4.03" Dolomite & Pyrite Specimen - China

 
 
Here is a sharp 3.81" matrix of Dolomite & Quartz from Hunan Province, China. Well-terminated, light pinkish dolomite crystals sit on a shiny metallic mass of hundreds of tiny pyrite cubes. There are a few tiny quartz points present as well. The specimen sits naturally several ways to make for a beautiful display.

Dolomite is an anhydrous carbonate mineral composed of calcium magnesium carbonate—CaMg(CO3)2.

The mineral dolomite crystallizes in the trigonal-rhombohedral system. It forms white, tan, gray, or pink crystals. Dolomite is a double carbonate, having an alternating structural arrangement of calcium and magnesium ions. It does not rapidly dissolve in dilute hydrochloric acid as calcite does. Crystal twinning is common.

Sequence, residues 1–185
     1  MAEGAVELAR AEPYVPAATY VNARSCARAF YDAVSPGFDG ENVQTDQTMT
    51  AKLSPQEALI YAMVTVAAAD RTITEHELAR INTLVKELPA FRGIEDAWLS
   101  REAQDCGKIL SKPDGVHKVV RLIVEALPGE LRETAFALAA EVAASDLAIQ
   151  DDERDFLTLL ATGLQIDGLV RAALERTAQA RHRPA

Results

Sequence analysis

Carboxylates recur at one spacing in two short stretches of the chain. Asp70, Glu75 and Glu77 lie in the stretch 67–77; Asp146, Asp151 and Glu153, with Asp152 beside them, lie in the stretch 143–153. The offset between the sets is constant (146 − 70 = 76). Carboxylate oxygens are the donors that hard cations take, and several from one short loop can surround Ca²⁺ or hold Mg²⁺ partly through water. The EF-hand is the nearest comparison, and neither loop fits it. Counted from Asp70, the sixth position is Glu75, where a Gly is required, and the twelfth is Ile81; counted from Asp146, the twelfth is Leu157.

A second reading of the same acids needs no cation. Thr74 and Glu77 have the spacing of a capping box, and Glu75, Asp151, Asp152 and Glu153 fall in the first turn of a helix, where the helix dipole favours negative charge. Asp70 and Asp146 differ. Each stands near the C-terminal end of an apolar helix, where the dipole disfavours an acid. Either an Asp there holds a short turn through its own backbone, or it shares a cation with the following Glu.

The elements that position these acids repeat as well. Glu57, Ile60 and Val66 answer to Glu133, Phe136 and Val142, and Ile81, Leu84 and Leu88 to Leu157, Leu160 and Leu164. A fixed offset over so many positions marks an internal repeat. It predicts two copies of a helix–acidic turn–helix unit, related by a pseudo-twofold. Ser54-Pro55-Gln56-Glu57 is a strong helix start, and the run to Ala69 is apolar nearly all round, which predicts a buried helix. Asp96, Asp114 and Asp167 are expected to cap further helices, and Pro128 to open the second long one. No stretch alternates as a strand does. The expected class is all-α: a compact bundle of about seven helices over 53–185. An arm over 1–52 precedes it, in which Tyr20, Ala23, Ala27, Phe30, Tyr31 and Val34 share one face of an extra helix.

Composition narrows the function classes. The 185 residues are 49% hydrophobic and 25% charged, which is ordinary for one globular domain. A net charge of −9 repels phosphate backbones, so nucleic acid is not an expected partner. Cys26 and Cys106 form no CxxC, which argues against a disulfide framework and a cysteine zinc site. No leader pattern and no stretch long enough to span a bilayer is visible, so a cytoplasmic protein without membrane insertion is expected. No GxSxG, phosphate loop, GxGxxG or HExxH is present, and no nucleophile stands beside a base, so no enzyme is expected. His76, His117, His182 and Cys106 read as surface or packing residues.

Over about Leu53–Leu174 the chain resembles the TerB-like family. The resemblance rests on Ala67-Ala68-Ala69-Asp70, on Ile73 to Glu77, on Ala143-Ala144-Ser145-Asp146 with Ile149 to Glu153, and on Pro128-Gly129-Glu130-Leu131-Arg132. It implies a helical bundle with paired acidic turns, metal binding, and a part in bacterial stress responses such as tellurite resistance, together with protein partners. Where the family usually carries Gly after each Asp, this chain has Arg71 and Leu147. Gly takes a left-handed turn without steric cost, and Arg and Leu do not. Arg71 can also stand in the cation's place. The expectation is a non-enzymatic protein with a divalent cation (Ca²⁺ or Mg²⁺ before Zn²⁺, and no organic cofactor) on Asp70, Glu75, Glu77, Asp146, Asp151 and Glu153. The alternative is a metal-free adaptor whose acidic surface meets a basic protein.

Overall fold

The mineral dolomite was first described by Carl Linnaeus in 1768 and In 1791, it was described as a rock by the French naturalist and geologist Déodat Gratet de Dolomieu who first recognized the material in buildings of the old city of Rome, and later as samples collected in the mountains known as the Dolomite Alps of northern Italy.


Silicon Dioxide, also know as SiO2 or Quartz, is the second most abundant mineral in the Earth's crust. Quartz crystals generally grow in silica-rich, hot watery solutions called hydrothermal environments, at temperatures between 100°C and 450°C, and usually under very high pressure. Quartz veins are formed when open fissures are filled with hot water during the closing stages of mountains forming, and can be hundreds of millions of years old.
DETAILS
SPECIES
Dolomite & Pyrite
LOCATION
Hunan Province, China
SIZE
4.03x2.03x2.02"
CATEGORY
ITEM
#32680